Disdain and frustration fills the 256 page opinion from US District Judge Iain D. Johnston sanctioning defense counsel and defendant. The Gibbons Law Alert summary manages to convey some of this, rightfully calling it “a veritable Keystone Kops series of discovery errors and misrepresentations spanning several years.” Judge Johnston’s righteous ire over counsel’s ‘indifference’ and ‘incompetence’ regarding the defendant’s behavior that resulted in incomplete productions and ESI loss is a rare breath of fresh air. Every eDiscovery practitioner has encountered clients/execs who refuse to take preservation and collection duties seriously. We need more of these kind of harsh sanctions to put teeth into the risk of noncompliance.

Why such a long opinion? To carefully lay out the history of malfeasance and build a clear case for sanctions that are far too unusual in our justice system. It was obvious to me that Judge Johnston anticipated and was heading off a potential appeal. Rather than reiterate the facts available in the Gibbons summary, I wanted to highlight a couple of items:

  • Defendant Drake was allowed to self-collect local email without supervision because he was ‘technically competent’ in comparison to defense counsel. As you might expect, that resulted in him cherry picking a limited set of email and ignoring two sources of cloud email relevant to the trademark dispute (Yahoo! And GoDaddy). While I believe that there is value in collecting known relevant ESI during initial interviews with key players, the strategy falls under the ‘trust but verify’ rule. Whether the signed by counsel, internal legal team or an expert, the certificate of compliance to the discovery rules needs to be taken seriously.
    • “Among other things, Duke testified that he only deleted junk emails, searched all email accounts to find any documents that were requested, and turned over all his records to the former defense counsel. Tr. 225-26. Much of this is false.”
  • Defense counsel asserted that they had verbally communicated the scope and requirements of a legal hold to defendant Drake. Busy execs may grumble at having to acknowledge a written or online legal hold. Too bad. A reasonable preservation process should be documented if you expect it to stand up to scrutiny. Many of my clients put executive frequent legal hold flyers on permanent in-place hold to avoid any confusion as holds are released.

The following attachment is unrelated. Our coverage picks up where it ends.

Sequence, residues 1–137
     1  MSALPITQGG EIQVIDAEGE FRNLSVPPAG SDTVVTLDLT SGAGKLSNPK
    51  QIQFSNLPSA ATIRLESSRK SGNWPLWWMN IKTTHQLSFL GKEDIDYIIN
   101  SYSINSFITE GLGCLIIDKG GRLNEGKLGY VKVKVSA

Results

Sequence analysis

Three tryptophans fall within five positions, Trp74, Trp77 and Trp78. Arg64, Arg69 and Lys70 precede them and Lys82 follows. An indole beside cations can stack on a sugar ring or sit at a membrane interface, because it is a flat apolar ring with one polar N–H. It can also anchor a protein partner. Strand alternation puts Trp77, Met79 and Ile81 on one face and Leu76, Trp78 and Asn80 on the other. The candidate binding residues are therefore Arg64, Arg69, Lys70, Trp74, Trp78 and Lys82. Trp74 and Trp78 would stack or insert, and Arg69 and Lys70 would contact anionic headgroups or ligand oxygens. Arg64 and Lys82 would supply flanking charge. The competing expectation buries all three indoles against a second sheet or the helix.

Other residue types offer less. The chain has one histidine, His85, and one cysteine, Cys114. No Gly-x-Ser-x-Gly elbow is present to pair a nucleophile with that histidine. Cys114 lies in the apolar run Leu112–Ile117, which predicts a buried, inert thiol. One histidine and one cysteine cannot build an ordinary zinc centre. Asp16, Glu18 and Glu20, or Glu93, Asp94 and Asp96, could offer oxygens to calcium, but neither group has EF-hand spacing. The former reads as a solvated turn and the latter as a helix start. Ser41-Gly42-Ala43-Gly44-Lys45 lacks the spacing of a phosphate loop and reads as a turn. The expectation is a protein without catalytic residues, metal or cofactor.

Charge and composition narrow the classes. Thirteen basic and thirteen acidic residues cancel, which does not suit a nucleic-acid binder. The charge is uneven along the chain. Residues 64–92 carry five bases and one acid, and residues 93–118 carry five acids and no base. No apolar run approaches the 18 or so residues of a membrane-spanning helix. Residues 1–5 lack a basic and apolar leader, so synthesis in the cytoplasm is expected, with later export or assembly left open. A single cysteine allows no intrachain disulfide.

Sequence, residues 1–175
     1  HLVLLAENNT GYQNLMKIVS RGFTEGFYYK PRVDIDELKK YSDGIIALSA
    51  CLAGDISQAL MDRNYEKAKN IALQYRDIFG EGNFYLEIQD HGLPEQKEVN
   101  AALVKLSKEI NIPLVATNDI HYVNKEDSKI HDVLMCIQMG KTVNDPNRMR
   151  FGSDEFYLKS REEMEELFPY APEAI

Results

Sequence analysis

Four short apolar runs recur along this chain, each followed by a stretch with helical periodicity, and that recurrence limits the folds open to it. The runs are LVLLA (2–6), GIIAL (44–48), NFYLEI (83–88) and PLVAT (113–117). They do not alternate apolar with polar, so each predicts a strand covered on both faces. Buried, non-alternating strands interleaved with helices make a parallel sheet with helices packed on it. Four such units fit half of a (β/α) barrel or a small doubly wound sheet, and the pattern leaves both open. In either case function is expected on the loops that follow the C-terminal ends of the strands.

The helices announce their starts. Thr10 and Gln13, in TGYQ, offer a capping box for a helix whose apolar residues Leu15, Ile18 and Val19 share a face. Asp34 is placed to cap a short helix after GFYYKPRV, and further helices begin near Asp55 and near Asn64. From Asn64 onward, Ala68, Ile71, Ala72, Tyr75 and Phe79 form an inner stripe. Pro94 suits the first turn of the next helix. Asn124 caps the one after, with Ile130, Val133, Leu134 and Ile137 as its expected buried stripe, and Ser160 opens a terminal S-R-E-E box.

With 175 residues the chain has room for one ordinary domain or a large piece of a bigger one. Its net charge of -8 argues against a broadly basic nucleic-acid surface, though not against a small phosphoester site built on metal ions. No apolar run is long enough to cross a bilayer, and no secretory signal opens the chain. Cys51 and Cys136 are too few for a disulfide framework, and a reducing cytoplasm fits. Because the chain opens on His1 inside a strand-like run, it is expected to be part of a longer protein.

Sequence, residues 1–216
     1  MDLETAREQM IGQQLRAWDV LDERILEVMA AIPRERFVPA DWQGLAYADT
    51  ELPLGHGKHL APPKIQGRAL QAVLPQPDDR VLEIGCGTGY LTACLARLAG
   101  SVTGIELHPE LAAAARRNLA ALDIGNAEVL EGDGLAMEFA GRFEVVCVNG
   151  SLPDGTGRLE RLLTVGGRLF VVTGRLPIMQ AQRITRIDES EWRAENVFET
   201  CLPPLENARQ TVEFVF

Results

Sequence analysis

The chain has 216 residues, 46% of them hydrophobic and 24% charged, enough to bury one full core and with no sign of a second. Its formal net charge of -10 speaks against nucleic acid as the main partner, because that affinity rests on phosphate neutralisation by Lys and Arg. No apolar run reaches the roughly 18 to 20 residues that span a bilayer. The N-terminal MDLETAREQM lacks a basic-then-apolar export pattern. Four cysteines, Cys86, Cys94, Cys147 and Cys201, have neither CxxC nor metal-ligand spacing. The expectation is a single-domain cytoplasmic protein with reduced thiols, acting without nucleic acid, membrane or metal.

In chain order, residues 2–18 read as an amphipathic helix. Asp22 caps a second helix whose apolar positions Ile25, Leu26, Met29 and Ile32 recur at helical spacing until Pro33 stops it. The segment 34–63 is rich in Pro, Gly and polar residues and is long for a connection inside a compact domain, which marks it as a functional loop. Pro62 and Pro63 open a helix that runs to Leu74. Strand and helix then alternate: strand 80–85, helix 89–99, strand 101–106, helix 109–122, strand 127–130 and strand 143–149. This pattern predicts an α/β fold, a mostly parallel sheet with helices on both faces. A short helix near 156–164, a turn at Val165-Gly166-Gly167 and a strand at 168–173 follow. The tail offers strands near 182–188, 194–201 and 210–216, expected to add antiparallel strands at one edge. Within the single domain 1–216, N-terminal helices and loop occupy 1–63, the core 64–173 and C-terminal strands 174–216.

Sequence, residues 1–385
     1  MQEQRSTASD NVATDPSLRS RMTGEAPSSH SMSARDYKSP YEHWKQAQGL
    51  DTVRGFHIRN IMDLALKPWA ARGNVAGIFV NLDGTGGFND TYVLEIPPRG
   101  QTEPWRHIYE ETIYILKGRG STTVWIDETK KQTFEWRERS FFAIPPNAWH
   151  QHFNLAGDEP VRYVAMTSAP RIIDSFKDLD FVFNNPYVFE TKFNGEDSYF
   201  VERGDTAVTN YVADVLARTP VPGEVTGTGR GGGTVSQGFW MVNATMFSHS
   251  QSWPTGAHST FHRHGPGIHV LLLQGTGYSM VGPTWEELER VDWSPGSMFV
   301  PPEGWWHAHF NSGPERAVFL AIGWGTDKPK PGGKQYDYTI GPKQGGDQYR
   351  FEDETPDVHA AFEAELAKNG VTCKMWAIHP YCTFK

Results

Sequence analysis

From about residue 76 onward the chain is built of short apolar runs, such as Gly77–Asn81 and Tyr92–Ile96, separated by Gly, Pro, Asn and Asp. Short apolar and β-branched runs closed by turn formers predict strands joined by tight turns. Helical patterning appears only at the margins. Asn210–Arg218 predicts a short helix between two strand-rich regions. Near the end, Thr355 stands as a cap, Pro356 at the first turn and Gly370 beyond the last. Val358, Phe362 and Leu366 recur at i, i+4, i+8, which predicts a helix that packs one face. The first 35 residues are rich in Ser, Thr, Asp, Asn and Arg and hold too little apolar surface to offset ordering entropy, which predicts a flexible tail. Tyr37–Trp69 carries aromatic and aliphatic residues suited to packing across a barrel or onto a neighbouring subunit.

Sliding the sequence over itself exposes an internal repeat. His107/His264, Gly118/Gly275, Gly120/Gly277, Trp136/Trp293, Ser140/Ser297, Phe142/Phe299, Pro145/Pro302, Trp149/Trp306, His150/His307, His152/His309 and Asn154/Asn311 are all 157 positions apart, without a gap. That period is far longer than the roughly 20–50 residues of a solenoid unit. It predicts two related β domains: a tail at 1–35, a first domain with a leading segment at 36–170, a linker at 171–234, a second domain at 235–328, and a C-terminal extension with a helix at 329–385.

• Years into discovery, defense counsel engaged 4Discovery, ‘an elite B2B digital forensics firm’ to send a collection drive to image the four local machines that defendant Drake asserted contained all relevant communications. “The mission Liberman gave 4Discovery was this: “Here are the four hard drives. Please image them.”” eDiscovery should not be a simple point-click commodity service. Neither 4Discovery nor defense counsel interviewed defendant Drake until late 2019, well after they had run search terms that found an additional 15,000 previously uncollected, unproduced responsive documents. Having waded through executive Inboxes, I am pretty sure that there were forwarded copies and CC’s to the cloud email accounts that defendant Drake did not disclose. In fact, his GoDaddy email account had an auto-forward and a 60-day expiry policy that was happily playing Pac-Man with his email. As more states add eDiscovery competence requirements to their rules I am pleased to see counsel come to the table with ever increasing understanding and appreciation for the complexity of modern ESI sources. As technical experts, it is our responsibility to proactively support counsel and highlight potential issues with incomplete data collections, gaps, corrupted files, etc.

The full opinion is a LONG read and I will not pretend to have the bandwidth to do more than a fast skim. However, such strongly argued and worded eDiscovery sanctions are rare and precious things. I tucked this one away for my next assessment where I run into a ‘discovery does not matter’ client. I would love to know the final ‘seven figure’ plaintiff compensation if anyone spots that update.

Greg Buckles wants your feedback, questions or project inquiries at Greg@eDJGroupInc.com. Contact him directly for a free 15 minute ‘Good Karma’ call. He solves problems and creates eDiscovery solutions for enterprise and law firm clients.

Greg’s blog perspectives are personal opinions and should not be interpreted as a professional judgment or advice. Greg is no longer a journalist and all perspectives are based on best public information. Blog content is neither approved nor reviewed by any providers prior to being posted. Do you want to share your own perspective? Greg is looking for practical, professional informative perspectives free of marketing fluff, hidden agendas or personal/product bias. Outside blogs will clearly indicate the author, company and any relevant affiliations. 

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